When it comes to creating full-spectrum recipes, it’s important to be open to inspiration at all times, during the random events of life. For example: you are in a nice grocery store and see a bag of dried Montmorency cherries. Perhaps you’ve never heard of them, and have no idea what to do with them. Grab a bag anyway, buy them and put them away for later.
Then, say you are driving through spring orchard country just before sunset. Rolling hills, air fragrant with blossoms, and the words “cherry apple sky” pop into your head. What does that mean? You have no idea. Don’t dismiss it; put it away for later.
When later comes, and you’re casting about for something creative to do, perhaps some leisurely Sunday, you look about for what’s on hand: some Winter Banana apples you bought because you were intrigued by their name; some farm-stand apple juice you bought for later; the bag of Montmorency cherries; a jug of honey.
Suddenly you remember “cherry apple sky” and you know what it means.
Cyser is a hard apple cider that is made with honey. It is among the many different varients in the mead family. Apples originated in Central Asia, from where the spread to Mesopotamia, Persia, Greece and the Roman Empire.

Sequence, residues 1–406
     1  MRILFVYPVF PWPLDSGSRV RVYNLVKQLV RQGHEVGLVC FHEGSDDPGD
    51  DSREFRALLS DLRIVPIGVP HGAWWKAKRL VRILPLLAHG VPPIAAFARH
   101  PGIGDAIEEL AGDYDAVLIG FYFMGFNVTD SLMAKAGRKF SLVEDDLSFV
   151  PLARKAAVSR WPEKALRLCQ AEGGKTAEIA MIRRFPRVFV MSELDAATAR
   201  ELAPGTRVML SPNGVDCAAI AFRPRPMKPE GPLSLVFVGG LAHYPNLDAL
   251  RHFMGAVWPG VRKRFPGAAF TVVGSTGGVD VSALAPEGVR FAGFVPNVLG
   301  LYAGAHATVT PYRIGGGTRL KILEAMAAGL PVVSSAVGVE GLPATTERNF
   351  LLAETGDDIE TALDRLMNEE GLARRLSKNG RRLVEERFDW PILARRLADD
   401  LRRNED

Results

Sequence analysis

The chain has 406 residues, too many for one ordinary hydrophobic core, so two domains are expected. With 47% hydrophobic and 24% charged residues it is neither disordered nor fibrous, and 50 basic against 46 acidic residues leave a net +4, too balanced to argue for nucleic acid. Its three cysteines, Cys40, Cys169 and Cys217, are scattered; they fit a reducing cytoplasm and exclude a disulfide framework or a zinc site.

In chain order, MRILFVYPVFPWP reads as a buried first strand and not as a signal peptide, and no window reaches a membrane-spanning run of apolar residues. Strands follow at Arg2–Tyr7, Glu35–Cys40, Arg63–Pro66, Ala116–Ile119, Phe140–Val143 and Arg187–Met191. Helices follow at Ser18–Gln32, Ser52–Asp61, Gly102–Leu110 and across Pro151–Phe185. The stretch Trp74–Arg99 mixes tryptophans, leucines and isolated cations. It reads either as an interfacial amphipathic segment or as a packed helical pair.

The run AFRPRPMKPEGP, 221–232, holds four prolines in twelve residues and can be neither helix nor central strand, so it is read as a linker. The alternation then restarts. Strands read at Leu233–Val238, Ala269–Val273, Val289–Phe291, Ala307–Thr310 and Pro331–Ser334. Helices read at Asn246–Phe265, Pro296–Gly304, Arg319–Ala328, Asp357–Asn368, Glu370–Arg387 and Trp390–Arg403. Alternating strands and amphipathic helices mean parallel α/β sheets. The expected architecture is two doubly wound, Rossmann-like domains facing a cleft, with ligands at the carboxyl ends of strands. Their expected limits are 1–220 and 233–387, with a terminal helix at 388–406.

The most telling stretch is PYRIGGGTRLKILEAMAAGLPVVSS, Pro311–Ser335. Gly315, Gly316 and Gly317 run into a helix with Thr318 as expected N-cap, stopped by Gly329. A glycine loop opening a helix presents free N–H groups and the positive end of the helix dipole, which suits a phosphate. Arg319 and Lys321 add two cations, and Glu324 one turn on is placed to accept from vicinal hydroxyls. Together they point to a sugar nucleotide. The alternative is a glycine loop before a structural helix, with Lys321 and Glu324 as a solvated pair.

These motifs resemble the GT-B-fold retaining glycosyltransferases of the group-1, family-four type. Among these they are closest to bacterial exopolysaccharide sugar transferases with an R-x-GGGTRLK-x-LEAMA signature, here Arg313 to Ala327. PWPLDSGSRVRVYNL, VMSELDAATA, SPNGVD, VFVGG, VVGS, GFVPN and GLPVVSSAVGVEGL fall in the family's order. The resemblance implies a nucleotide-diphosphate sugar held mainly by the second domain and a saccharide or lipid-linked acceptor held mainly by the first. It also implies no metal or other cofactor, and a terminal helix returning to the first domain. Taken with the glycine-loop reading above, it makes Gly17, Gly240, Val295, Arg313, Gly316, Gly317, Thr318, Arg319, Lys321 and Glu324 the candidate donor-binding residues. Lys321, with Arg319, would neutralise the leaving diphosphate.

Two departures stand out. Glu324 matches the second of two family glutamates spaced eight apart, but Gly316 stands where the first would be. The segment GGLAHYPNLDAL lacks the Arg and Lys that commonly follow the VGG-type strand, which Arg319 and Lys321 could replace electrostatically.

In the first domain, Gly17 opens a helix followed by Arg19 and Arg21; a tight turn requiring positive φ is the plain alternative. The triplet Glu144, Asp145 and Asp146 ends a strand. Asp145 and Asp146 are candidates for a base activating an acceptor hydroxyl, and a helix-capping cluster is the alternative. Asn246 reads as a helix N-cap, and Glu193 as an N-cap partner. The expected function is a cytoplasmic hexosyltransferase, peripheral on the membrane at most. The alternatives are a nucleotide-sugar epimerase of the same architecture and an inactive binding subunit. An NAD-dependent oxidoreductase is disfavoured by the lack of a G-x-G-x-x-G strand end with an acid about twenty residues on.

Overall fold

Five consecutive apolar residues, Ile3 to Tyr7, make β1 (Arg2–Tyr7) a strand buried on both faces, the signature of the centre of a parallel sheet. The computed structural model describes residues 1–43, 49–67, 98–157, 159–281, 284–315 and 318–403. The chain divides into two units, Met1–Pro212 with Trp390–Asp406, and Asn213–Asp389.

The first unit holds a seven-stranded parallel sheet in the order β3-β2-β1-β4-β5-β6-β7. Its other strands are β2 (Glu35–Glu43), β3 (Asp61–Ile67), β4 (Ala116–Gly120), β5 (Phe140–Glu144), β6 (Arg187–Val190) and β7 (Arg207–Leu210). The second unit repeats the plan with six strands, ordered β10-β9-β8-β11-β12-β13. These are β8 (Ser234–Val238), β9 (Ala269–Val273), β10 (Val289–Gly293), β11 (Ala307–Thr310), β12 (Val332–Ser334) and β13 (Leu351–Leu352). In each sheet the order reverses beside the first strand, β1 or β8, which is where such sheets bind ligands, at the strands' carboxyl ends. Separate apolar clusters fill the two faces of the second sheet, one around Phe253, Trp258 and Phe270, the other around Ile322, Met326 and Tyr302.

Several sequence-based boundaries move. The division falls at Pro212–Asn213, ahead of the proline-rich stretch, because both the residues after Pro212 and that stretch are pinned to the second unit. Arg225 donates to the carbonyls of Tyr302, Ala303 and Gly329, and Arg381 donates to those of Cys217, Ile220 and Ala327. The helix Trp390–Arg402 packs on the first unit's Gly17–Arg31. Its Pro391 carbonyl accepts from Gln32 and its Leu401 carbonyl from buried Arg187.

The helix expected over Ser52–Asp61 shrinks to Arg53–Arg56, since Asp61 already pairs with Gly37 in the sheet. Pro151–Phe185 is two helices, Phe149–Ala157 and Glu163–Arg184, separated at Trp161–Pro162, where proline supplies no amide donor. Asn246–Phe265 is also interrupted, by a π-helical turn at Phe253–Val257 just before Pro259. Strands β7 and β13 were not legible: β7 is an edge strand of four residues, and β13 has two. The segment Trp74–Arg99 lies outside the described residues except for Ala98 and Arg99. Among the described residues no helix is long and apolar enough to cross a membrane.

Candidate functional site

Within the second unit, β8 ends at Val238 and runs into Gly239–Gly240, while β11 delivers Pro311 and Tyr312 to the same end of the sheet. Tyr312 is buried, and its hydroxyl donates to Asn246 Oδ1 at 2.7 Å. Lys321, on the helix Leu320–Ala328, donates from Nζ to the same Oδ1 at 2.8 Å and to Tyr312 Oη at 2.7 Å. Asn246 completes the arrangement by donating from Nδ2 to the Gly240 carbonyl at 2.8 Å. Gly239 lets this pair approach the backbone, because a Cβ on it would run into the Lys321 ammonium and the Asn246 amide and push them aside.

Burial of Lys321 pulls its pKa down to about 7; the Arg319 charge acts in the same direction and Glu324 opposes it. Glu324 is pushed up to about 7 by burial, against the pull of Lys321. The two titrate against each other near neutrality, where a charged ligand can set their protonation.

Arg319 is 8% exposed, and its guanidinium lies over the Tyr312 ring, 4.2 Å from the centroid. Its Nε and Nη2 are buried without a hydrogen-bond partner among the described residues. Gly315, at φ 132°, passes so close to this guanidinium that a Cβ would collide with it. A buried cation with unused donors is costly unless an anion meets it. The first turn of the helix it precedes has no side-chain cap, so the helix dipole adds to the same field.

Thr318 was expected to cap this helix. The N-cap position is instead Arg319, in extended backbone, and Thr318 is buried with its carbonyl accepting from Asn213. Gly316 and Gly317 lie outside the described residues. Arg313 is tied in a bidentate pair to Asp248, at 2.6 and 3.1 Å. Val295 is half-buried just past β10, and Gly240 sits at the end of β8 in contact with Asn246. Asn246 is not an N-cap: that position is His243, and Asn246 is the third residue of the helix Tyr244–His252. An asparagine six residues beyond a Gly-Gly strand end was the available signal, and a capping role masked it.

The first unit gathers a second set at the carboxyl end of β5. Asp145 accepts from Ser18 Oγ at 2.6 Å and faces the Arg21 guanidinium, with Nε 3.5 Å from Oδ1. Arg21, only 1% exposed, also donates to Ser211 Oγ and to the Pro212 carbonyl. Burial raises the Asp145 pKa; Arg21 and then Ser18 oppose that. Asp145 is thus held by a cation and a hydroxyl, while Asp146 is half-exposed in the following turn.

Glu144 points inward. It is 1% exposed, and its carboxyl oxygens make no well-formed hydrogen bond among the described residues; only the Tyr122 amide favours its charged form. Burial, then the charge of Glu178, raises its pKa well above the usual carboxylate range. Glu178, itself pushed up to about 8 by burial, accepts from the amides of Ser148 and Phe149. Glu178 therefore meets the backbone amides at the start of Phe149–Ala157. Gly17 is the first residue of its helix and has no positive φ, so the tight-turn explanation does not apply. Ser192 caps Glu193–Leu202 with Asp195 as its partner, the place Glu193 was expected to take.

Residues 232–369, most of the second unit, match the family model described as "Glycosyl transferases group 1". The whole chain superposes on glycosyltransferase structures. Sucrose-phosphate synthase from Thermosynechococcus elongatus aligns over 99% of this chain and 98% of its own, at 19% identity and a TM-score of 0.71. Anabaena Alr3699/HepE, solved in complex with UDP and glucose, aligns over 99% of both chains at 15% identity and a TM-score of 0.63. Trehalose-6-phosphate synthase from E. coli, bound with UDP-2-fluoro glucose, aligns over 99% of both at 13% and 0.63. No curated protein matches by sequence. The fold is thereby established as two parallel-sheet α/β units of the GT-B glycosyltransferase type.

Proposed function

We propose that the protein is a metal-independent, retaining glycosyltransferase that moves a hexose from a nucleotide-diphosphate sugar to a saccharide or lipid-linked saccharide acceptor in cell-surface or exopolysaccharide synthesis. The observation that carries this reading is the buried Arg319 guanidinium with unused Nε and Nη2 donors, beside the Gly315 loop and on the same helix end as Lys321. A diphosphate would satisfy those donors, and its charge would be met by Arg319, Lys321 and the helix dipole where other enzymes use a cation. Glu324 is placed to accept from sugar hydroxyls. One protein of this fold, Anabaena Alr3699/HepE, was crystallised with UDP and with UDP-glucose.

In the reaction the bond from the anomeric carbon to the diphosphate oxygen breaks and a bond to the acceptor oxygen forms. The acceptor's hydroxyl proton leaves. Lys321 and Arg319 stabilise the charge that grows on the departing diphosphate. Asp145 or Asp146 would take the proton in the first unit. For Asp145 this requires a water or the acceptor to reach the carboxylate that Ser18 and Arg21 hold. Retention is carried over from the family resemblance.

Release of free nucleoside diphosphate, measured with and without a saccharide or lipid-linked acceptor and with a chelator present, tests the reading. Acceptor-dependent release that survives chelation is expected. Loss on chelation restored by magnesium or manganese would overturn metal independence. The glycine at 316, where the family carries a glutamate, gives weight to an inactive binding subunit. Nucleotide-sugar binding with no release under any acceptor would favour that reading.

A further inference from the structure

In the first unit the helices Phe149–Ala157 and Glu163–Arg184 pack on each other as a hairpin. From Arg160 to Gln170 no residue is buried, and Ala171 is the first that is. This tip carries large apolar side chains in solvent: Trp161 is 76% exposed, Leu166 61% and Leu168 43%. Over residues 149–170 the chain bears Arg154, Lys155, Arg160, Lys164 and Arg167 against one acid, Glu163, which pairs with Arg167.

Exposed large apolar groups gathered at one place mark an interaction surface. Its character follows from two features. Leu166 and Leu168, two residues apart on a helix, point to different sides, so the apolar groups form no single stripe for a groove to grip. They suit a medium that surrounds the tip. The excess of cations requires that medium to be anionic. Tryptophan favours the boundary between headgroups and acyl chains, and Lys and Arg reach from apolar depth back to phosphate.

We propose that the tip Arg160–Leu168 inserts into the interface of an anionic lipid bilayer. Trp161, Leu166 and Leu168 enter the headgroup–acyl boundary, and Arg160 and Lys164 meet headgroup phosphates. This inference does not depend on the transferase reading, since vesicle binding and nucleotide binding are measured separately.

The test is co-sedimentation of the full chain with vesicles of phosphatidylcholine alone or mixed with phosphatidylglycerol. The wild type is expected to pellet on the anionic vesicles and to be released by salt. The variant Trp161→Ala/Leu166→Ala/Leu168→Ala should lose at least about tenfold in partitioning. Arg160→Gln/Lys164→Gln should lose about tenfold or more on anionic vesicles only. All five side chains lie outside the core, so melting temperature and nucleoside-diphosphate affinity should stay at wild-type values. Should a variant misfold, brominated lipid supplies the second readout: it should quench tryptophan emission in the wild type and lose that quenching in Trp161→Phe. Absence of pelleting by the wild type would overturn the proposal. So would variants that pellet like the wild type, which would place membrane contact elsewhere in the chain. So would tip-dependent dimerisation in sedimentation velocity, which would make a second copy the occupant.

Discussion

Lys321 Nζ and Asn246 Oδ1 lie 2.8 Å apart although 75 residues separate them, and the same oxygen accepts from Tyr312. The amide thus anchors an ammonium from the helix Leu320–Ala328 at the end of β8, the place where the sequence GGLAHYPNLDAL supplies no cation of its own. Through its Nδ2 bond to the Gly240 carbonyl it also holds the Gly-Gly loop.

Now, apples may taste sweet but they are comparatively low in sugar, making the juice by itself capable of producing a fermented beverage of about five percent alcohol. While sugar was known to the ancient Greeks and Romans, it was exotic and scarce. Fortifying apple juice with it would have been prohibitively expensive. Adding honey then, to the natural juice of apples to boost the alcoholic strength of a fermented beverage, must have been an inevitable choice.
The term “cyser” is derived from cicera, which was used as a way of spelling in Latin the Hebrew word for “strong drink,” shēkār, in the Old Testament. It was only after the early 12th Century that sugar replaced honey in Europe, which up until then had been the only available sweetener. Thus, if you had plenty of apples, and you wanted a strong drink in Classical times, you made a cyser.
The Montmorency is a sour cherry (Prunus cerasus L), most often used in making cherry pies, but also available as a healthy snack in dried form. Though they are called “sour” they are actually quite sweet, but with a serious tang to them that balances the sweetness. In this respect they are similar to the varieties of crab apples that are grown for eating.
They have strong anti-oxidant properties, containing flavonoids which inhibit cancers by scavanging reactive oxygen ions from the body. Their red pigment adds to the color of the cyser, giving it hints of a rosé wine.
This cyser certainly lives up to that expectation, with a starting gravity like a good wine. It has a beautiful rosy orange color like a mountain sunset, and a nice aroma that suggests pineapple and a flavor just hinting of the mildest mint. Because the tartness of the cherries comes from their considerable acid content, it can be sweetened to taste before bottling. It will continue to improve for many years.